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Peak Brooklyn Heights: Civic group gives ‘good neighbor’ award to co-op that rejected developer’s high-rise deal • Brooklyn Paper

Peak Brooklyn Heights: Civic group gives ‘good neighbor’ award to co-op that rejected developer’s high-rise deal

A local hotspot: Folks from Brooklyn Heights and its surrounding suburbs regularly gather at the Park Plaza Restaurant for meetings and a good meal.
Photo by Louise Wateridge

This is the height of neighborliness in Brooklyn Heights!

Powerful civic group the Brooklyn Heights Association on Wednesday honored a local co-op building for rejecting a developer’s lucrative offer to erect a 40-story tower in its backyard. The esteemed group bestowed its prestigious Good Neighbor award on residents of 75 Henry St. during its annual meeting, hailing them for recently turning down hundreds of thousands of dollars each after other locals complained the resulting high-rise would be a view-blocking, population-booming, property-value-reducing, shadow-casting behemoth.

“They listened to the true concerns of their neighbors,” said presenter Tom Stewart, a Heights resident and Channel 13 announcer. “This award is given in recognition of their true community spirit.”

The crowd rose to its feet in gratitude as two reps from the building accepted the plaque, with locals cheering the shareholders’ willpower in the face of a big payday — although 112 of the building’s 303 units actually voted to pursue the sale.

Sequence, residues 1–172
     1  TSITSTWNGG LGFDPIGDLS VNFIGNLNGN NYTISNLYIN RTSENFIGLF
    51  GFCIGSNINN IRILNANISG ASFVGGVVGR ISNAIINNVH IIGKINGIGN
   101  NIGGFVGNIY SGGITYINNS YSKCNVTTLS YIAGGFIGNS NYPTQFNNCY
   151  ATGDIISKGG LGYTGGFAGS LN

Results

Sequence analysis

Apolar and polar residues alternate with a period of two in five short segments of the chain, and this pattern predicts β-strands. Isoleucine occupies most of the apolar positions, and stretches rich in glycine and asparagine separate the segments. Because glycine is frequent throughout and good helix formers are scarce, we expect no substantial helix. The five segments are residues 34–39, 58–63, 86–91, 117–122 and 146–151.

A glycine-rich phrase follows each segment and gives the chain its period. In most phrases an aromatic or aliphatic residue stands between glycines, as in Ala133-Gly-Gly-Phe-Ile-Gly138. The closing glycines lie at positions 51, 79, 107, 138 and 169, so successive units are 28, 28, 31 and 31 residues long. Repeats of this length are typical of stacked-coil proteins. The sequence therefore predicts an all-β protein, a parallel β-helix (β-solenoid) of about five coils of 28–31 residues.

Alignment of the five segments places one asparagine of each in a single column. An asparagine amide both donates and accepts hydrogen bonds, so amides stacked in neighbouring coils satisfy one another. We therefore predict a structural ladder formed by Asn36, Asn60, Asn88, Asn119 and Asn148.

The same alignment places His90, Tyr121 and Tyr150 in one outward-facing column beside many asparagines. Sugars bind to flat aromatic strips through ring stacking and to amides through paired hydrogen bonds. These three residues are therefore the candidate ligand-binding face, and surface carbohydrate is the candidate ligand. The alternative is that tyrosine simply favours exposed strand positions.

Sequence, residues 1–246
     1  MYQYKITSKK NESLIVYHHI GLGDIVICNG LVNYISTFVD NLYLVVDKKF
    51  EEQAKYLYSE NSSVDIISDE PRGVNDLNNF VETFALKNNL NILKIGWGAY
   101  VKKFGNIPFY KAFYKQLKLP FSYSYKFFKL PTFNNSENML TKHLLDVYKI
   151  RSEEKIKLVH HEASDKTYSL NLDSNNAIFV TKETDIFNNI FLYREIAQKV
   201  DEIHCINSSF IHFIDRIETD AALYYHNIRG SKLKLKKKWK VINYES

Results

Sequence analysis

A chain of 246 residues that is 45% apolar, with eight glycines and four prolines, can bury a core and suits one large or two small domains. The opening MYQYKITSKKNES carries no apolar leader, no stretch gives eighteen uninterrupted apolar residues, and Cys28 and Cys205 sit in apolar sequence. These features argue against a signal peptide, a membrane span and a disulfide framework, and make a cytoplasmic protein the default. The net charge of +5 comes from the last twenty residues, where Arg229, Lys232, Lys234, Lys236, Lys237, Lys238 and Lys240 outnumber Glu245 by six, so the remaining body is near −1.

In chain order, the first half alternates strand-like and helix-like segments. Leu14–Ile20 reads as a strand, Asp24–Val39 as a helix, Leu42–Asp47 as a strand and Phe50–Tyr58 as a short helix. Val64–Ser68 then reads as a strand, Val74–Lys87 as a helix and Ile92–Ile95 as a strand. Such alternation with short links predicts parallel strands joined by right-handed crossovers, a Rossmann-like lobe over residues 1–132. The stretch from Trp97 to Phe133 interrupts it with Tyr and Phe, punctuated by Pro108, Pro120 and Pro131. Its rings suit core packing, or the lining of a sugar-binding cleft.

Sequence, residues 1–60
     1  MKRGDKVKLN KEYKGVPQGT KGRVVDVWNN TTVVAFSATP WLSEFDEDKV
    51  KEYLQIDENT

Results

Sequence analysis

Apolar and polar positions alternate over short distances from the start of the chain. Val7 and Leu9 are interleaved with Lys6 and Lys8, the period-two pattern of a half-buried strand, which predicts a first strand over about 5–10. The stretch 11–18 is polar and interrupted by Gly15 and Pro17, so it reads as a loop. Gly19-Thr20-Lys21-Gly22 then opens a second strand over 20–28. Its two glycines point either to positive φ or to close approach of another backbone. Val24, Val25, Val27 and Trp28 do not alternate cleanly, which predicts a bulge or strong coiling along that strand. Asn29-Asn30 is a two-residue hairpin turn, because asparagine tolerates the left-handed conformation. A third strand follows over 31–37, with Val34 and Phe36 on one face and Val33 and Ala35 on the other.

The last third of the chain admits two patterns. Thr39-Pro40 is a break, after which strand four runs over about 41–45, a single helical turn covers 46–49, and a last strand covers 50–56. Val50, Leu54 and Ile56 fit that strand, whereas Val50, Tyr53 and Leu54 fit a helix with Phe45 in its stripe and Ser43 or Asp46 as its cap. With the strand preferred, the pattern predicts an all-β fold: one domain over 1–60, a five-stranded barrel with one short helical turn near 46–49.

“I’m amazed that they were willing to pass up on the financial rewards,” said resident Lenore Brennan.

The historic neighborhood’s cherished views continued their moment in the spotlight when the 900-member association gave its top Martha Atwater Award to local activist Steve Guterman of Save the View Now, who has been fighting an endless series of uphill court battles to shrink a condo building in Brooklyn Bridge Park that stands between the Promenade and its spectacular vistas of the bridge.

And it wouldn’t have been Brooklyn Heights’ night of nights without mention of the neighborhood’s other divisive development issue of 2015 — the controversial sale of the ailing local library branch to a politically connected developer.

For a second year, library activists used the question and answer session to rail against the association’s endorsement of the deal, erupting into a shouting match when members jeered back, telling the rabble-rousers they’d had enough of the debate.

In less heated events, the association also named long-time Henry Street tavern Henry’s End — known for its obscure meats and homey charm — as its Business of the Year, and Toba Potosky of park advocacy group the Cadman Park Conservancy for Outstanding Community Service.

District Attorney Ken Thompson gave this year’s keynote address, speaking to the packed house about gun violence in the borough and his efforts to eradicate firearms trafficking.

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